IE 11 is not supported. For an optimal experience visit our site on another browser.

In Baltimore, tough new curfew for unsupervised kids

City leaders in Baltimore on Friday night will be rolling out one of the country's toughest curfew laws for unsupervised children and teens.
A resident rides his bike in an abandoned block in East Baltimore, Oct. 28, 2013.
A resident rides his bike in an abandoned block in East Baltimore, Oct. 28, 2013.

City leaders in Baltimore will be rolling out one of the toughest curfew laws in the country on Friday night. The effort, which is aimed at keeping kids safe during dangerous late night hours, has drawn criticism from some parents and civil liberties groups.

Baltimore’s 20-year-old curfew law was recently amended, and it now requires unsupervised children younger than 14 to be off the streets by 9 p.m. Unsupervised teens between the ages of 14 and 16 must be indoors one hour earlier than in the past — by 10 p.m. on school nights and 11 p.m. during the summer and on weekends. 

"The City Council put in a bill to update the law to make sure that a 5-year-old and a 14-year-old, or a 5-year-old and a 16-year old, didn't have the same curfew. And we also took away the penalty of jail for parents," said Mayor Stephanie Rawlings-Blake in an interview with MSNBC’s Alex Witt

Curfew breakers will be taken to one of two curfew centers until a parent, who could be fined up to $500, can retrieve them. For now, the centers will only be open on Fridays and Saturdays, though the city says the centers will soon be open 24 hours a day and throughout the week.

“We want to take them off the streets so that we can decrease the chances of them being victims or perpetrators of criminal activity,” Caron Brace, a spokeswoman for the city, told msnbc. While violence in the city is down 20% and crime is down 10% so far this year, Baltimore remains one of the most dangerous places in the country. 

Some parents have expressed concern that the earlier hours will be difficult for parents who work late to maintain and that the hours might overlap with legitimate extracurricular activities. There has also been long distrust of city police officers, and others have said they worry that the curfew could exacerbate an already frayed relationship between the police and many in the community.

“The really fundamental concern is that, of course we all want young people to be safe, but our concern is there are more effective ways to do that than by putting every child in Baltimore city on virtual house arrest and enforcing that with law enforcement,” said Sonia Kumar, a staff attorney with the American Civil Liberties Union of Maryland.

Kumar said that part of the curfew law also extended the daytime hours under restriction, bolstering the city’s truancy law to include school-time hours. “Part of where our concerns arise is that police officers will now have the power to stop people for just being outside,” Kumar said.

In a letter to Rawlings-Blake and Police Commissioner Anthony W. Batts, the ACLU sought clarification on the city’s plans to enforce the newly expanded curfew. The group questioned where youth would be taken during the week before the curfew centers are open 24 hours a day, what would happen to young people who don’t have IDs, and how police would respond to unsupervised children who don’t cooperate or who run from police.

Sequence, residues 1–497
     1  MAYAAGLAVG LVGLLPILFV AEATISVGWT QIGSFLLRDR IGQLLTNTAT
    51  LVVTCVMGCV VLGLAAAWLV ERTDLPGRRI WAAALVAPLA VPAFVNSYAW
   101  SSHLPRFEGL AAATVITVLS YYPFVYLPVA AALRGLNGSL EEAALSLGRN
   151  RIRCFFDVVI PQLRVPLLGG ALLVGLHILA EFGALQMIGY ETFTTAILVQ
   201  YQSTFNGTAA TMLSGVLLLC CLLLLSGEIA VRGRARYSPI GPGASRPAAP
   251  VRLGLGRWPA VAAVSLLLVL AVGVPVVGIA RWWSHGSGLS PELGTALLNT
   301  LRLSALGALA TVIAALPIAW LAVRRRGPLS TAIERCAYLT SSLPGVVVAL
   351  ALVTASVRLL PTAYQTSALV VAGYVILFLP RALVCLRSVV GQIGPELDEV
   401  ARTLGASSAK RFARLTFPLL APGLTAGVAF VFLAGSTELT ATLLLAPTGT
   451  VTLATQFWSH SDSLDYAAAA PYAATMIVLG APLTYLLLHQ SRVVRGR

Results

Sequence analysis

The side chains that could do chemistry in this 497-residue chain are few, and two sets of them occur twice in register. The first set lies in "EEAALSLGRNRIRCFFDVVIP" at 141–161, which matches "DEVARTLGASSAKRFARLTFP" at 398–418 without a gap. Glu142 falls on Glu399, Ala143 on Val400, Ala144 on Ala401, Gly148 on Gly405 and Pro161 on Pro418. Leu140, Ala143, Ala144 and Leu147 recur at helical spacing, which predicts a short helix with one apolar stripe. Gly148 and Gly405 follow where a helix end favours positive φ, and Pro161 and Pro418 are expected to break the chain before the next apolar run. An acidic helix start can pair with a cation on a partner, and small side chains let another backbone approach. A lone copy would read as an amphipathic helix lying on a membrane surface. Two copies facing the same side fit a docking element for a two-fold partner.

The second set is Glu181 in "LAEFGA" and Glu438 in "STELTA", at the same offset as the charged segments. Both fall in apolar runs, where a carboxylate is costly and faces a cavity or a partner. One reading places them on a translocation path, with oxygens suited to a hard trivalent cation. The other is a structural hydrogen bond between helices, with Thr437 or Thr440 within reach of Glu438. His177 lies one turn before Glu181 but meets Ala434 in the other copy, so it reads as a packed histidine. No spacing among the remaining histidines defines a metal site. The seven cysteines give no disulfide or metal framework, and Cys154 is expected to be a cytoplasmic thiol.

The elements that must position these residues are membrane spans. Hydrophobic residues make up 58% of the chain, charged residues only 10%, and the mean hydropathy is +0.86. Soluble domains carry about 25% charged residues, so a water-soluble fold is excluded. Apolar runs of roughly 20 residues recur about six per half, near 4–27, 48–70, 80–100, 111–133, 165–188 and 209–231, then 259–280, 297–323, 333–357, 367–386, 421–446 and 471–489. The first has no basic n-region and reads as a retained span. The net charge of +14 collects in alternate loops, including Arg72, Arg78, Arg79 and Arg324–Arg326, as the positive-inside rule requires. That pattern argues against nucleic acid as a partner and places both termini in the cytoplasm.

A Baltimore police spokesman, Acting Capt. Eric Kowalczyk, told The Baltimore Sun that the department would be distributing training material to officers, as well as lists of resources for parents and families.

"We've been enforcing the curfew for 20 years, so as far as the enforcement angle, nothing is changing from our perspective other than the new hours and new resources," Kowalczyk told the paper. "This is about making sure we are identifying kids in at-risk situations and connecting them to city services." He added that officers who finds a child out after curfew could take the child (free of handcuffs) home or to a curfew center if the home seems unsafe.

“This is about connecting vulnerable kids and their families with resources. This is not about criminalizing kids,” Rawlings-Blake said. “For me this is about making sure they don’t wind up in the criminal justice system … I can’t afford to do nothing. The same people that argue with me that we need more services during the daytime want me to turn a blind eye at kids in need at night and I’m not going to do it.”

According to the city, the curfew centers, so-called Youth Connection Centers, will be staffed by employees and volunteers. During the daytime hours, the centers operate as traditional community centers with typical activities for children. At night, the centers turn into curfew centers, a practice established in 2008.

Brace, the city spokeswoman, said the centers during curfew hours will not be punitive.

“There’s no baby jail set up,” she said. “They are not in time out. They are not in trouble. We are getting them off the streets and out of harm’s way.”

Rawlings-Blake said by not doing all it could to keep children safe and off the streets, the city would be enabling the neglect of the city’s youngest and often it’s most vulnerable residents. “There’s this notion that if you are poor and your parent is struggling that those children shouldn’t be loved and cared for, that they shouldn’t have supervision and that’s ludicrous,” the mayor said. “We need to say enough is enough as a community and say that we are going to protect our kids.”